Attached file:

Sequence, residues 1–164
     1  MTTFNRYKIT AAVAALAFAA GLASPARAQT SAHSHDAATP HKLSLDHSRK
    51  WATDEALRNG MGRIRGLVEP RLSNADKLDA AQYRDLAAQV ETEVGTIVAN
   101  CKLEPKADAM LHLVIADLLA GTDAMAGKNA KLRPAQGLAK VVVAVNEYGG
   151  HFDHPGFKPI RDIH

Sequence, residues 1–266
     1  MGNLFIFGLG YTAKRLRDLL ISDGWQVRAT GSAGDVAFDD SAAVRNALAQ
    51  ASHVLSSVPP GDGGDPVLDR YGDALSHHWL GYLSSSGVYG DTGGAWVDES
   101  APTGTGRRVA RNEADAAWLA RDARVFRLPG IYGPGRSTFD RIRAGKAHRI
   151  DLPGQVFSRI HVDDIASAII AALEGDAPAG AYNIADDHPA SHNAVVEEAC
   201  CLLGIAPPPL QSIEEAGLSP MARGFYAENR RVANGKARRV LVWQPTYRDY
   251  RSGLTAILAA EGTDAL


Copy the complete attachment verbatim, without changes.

Sequence, residues 1–164
     1  MTTFNRYKIT AAVAALAFAA GLASPARAQT SAHSHDAATP HKLSLDHSRK
    51  WATDEALRNG MGRIRGLVEP RLSNADKLDA AQYRDLAAQV ETEVGTIVAN
   101  CKLEPKADAM LHLVIADLLA GTDAMAGKNA KLRPAQGLAK VVVAVNEYGG
   151  HFDHPGFKPI RDIH

Sequence, residues 1–266
     1  MGNLFIFGLG YTAKRLRDLL ISDGWQVRAT GSAGDVAFDD SAAVRNALAQ
    51  ASHVLSSVPP GDGGDPVLDR YGDALSHHWL GYLSSSGVYG DTGGAWVDES
   101  APTGTGRRVA RNEADAAWLA RDARVFRLPG IYGPGRSTFD RIRAGKAHRI
   151  DLPGQVFSRI HVDDIASAII AALEGDAPAG AYNIADDHPA SHNAVVEEAC
   201  CLLGIAPPPL QSIEEAGLSP MARGFYAENR RVANGKARRV LVWQPTYRDY
   251  RSGLTAILAA EGTDAL